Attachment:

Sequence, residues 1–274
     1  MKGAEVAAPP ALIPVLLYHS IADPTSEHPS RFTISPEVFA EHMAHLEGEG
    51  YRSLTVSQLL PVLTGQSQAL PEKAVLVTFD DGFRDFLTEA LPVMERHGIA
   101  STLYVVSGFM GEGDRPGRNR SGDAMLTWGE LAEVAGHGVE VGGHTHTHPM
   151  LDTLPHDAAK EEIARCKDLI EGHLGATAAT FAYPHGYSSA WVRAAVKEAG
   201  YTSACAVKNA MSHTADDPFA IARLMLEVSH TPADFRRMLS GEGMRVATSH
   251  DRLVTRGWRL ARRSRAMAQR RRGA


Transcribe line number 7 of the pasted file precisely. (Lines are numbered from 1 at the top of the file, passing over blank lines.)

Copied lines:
   251  DRLVTRGWRL ARRSRAMAQR RRGA